Calgary Flames: The Flames are pretty pumped to have drafted Max Reinhart, who they believe is almost at Sven Baertschi's level of NHL preparedness. That's pretty high praise, but it also doesn't matter since there's a lockout that will probably last the whole season. An extra year in the minors never hurt anyone.

Carolina Hurricanes: This is my favorite link of the week: "Hey just so you know the AHL isn't also locked out. Oh, you weren't aware that the NHL was locked out? Right, I forgot, we're in Charlotte."

Chicago Blackhawks: As with most NHL players who haven't gone to Europe yet Duncan Keith's agent says doing so is still an option if the lockout stretches on. Same for Toews and Kane and Sharp.

Colorado Avalanche: I find it hilarious that Semyon Varlamov went over to Yaroslavl to be the backup to Vitaly Kolesnik. This guy is the future of Avs goaltending?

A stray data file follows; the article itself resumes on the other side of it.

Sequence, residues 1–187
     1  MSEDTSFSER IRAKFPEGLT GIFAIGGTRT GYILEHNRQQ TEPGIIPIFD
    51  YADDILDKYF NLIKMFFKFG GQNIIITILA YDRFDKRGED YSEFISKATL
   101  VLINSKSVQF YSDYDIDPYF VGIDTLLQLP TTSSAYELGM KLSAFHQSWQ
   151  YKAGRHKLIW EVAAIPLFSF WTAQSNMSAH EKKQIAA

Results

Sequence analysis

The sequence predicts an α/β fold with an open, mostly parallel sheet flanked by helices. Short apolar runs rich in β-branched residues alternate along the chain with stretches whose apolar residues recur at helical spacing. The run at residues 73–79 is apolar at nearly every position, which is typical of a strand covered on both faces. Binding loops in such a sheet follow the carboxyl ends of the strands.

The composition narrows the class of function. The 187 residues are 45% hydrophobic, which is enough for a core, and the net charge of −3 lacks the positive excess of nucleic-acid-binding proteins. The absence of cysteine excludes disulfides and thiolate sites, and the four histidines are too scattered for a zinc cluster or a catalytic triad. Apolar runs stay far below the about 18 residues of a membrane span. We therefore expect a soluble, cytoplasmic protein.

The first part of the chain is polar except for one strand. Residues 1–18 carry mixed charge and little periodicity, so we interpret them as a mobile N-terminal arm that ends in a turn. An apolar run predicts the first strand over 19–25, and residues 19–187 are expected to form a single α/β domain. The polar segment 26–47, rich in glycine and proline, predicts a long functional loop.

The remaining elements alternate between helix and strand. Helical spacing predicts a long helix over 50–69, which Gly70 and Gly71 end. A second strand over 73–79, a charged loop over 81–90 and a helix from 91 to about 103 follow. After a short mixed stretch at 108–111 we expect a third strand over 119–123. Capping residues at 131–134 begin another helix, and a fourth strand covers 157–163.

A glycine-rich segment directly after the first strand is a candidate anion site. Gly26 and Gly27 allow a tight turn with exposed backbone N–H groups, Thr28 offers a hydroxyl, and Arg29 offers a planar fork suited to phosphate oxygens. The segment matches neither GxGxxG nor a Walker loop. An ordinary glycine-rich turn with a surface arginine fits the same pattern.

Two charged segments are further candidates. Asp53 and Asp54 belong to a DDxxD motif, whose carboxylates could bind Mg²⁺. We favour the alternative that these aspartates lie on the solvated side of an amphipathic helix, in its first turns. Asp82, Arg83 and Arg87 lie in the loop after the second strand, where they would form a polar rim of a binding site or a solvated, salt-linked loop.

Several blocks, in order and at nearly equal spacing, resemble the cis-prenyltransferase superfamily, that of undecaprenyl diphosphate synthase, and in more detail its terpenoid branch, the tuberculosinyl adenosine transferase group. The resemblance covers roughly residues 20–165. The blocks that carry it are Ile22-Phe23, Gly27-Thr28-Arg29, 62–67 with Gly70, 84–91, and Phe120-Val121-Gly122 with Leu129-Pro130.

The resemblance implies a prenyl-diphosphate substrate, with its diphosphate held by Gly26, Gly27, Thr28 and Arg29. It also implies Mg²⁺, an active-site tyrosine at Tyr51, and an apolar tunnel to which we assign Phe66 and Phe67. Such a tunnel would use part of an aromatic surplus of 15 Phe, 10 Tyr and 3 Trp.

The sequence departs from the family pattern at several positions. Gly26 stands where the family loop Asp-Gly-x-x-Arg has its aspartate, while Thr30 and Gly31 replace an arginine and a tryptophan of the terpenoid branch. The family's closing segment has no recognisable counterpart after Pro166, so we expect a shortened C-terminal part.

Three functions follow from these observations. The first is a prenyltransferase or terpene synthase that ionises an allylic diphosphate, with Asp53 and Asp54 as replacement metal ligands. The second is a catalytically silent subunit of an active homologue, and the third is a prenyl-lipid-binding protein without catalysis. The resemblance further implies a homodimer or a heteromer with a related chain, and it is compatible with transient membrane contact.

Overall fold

Columbus Blue Jackets: Those rumors of John Davidson to the Jackets just won't go away, and if he goes there, I expect Scott Howson to be carrying a box with a fern sticking poking out of it out the backdoor of Nationwide Arena within a week.

Dallas Stars: Here's a Q&A with Jamie Benn after he signed with the Hamburg Freezers. After reading it, I was very hungry.

Detroit Red Wings presented by Amway: Jonathan Ericsson is yet another player who will go to Sweden during the lockout, but right now he's only committed to playing in three games over there. Seems like the shortest-term deal ever.

Edmonton Oilers: Expect to see headlines like "Oil Barons pummel ______" all season long. Especially because they beat talent-laden Houston Friday night, 4-0, without either Jordan Eberle or Ryan Nugent-Hopkins.